All efficacy, baseline, and demographic analyses were performed on the modified intent-to-treat (mITT) population according to randomization assignment. Safety analyses were performed on the safety population, which included all treated participants.

Approximately 412 patients were to be enrolled to ensure that≥351 (117 per treatment group) would complete the study. Using a two-sample t-test and a significance level of 0.05, the power for MAS change from baseline was 94% . The calculation was based on assumptions for the average of week 4 and 6 change from baseline in 8 U/kg group (–0.80) and the placebo group (–0.45) and standard deviation of 0.75. The assumptions used for the power analysis calculation for MAS were based on results from two double-blind, placebo-controlled, randomized studies in Japanese patients with post-stroke upper limb (Kaji et al., 2010b) and lower limb spasticity (Kaji et al., 2010a) who received a single treatment of onabotulinumtoxinA (300U [lower limb] or 120-240U [upper limb]).

The change from baseline in MAS, the primary endpoint, was analyzed using mixed-effect model repeated measures (MMRM) with baseline MAS ankle score as a covariate and factors of age group, treatment group, visit, treatment-by-visit interaction, pooled study center, and previous botulinum toxin exposure. The average of weeks 4 and 6 in each treatment group and difference versus placebo was estimated from the MMRM model. CGI by Physician was analyzed similarly.

GAS was analyzed using analysis of covariance and observed data with baseline ankle MAS as covariate and factors of age group, treatment group, pooled study center, and previous botulinum toxin exposure. For MTS, the analysis of covariance model was used including age group, treatment group, pooled study center, and previous botulinum toxin exposure as factors and baseline MTS of ankle with knee extended as a covariate. For EVG, the analysis of covariance model was used including baseline EVG score as a covariate and factors of age group, treatment group, pooled study center, and previous botulinum toxin exposure.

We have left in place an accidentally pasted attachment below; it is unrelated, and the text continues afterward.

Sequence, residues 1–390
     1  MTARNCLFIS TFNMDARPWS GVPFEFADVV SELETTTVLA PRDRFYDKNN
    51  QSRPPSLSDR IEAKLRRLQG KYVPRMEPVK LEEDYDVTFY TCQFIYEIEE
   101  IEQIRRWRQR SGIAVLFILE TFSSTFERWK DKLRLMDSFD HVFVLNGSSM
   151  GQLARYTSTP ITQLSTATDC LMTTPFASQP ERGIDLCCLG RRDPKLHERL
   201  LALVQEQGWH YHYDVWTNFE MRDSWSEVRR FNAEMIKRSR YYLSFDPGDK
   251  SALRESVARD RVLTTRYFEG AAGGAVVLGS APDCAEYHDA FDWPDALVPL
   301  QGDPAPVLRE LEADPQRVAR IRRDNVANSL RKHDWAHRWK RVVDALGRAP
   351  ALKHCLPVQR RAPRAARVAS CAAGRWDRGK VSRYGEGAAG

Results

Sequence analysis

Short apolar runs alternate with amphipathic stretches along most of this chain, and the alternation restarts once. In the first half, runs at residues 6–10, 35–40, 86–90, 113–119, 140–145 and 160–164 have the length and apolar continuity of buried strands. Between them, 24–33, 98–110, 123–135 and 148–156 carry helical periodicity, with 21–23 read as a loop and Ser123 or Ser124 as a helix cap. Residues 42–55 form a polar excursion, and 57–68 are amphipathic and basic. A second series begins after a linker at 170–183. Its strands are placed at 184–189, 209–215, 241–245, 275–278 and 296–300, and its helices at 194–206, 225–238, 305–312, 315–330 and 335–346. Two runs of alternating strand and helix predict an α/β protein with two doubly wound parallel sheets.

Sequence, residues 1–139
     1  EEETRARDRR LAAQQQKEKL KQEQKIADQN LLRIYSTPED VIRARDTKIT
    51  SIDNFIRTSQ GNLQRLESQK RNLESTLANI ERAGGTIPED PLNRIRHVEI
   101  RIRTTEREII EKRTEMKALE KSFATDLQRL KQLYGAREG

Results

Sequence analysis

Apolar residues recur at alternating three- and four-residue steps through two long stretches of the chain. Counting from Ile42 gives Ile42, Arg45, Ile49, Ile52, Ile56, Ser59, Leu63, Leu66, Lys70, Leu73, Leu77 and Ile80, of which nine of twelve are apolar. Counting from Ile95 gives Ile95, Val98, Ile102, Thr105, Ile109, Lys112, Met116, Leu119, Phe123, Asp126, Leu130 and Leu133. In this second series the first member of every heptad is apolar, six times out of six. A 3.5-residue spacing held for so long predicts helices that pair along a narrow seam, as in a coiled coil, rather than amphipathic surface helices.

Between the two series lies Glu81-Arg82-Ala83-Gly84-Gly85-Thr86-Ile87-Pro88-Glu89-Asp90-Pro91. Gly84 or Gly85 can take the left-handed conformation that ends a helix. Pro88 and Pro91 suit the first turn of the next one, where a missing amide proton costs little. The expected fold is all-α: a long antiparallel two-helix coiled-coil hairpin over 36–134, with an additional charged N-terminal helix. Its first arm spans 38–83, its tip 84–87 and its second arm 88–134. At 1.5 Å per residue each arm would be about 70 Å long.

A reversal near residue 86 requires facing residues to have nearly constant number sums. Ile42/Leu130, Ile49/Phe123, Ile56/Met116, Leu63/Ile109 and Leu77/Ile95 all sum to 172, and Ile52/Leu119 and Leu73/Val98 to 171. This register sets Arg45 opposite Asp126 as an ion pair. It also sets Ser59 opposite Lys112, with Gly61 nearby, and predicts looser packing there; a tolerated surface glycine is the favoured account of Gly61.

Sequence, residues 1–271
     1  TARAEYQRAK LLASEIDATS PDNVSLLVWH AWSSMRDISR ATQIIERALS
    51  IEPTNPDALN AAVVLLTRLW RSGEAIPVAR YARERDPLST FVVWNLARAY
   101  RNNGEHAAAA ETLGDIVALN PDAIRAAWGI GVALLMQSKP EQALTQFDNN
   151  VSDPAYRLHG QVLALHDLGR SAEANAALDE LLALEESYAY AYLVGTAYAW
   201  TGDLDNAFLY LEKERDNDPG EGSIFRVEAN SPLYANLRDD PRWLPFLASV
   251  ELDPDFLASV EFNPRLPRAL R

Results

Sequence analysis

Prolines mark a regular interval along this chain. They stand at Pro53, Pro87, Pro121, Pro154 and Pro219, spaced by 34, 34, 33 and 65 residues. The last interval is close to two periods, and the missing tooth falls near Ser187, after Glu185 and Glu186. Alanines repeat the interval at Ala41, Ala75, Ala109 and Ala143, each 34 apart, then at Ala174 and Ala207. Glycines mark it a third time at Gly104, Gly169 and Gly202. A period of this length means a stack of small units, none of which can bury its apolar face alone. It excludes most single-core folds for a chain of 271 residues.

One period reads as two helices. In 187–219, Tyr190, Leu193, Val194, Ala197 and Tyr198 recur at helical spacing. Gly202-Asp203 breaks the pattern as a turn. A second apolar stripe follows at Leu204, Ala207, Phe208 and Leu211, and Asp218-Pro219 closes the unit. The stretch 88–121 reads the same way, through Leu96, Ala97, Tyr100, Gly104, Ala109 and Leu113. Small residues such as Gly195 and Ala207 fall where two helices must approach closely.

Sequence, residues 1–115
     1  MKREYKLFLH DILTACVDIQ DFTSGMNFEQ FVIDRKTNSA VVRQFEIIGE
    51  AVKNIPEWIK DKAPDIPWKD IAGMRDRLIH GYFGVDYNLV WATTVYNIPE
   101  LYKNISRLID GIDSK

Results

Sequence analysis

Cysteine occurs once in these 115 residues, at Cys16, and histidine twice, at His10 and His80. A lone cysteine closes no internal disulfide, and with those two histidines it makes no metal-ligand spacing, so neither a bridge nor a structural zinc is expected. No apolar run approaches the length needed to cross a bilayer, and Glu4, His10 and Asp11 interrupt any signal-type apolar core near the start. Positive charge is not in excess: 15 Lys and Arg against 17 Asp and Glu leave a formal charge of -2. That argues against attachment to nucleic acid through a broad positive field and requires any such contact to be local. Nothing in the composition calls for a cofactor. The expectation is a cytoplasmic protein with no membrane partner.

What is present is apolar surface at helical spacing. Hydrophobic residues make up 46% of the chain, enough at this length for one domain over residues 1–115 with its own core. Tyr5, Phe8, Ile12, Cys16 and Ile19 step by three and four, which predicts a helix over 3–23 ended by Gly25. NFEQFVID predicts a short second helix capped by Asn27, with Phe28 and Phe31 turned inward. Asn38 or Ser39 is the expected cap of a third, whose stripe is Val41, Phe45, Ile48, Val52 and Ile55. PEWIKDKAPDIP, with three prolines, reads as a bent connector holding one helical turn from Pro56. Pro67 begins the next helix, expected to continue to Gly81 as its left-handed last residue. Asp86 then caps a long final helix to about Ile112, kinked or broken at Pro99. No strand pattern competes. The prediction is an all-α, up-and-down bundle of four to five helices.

A gate-keeping approach was used to control the type I error rate for the primary endpoint (change from baseline in MAS). Specifically, 8 U/kg versus placebo was tested first, followed by the 4 U/kg versus placebo comparison, each at two-sided 0.05 level. The 4 U/kg versus placebo comparison was performed only if the test for 8 U/kg versus placebo was statistically significant. No control for multiplicity was used for the secondary endpoints.

2.3.4Ethics approval and consent to participate

Study investigators obtained approval of the study protocol from a properly constituted Institutional Review Board (IRB) or Independent Ethics Committee (IEC) prior to study initiation. The study was conducted in conformance with the International Council for Harmonisation E6 guideline for Good Clinical Practices and the principles of the Declaration of Helsinki, or the laws and regulations of the country in which the research was conducted, whichever afforded the greater protection to the individual.

Written informed consent was obtained at the first study visit. Written minor assent was obtained in accordance with local laws and IRB/IEC requirements. Written documentation was obtained in accordance with the relevant country and local privacy requirements, where applicable.

3Results

3.1Participants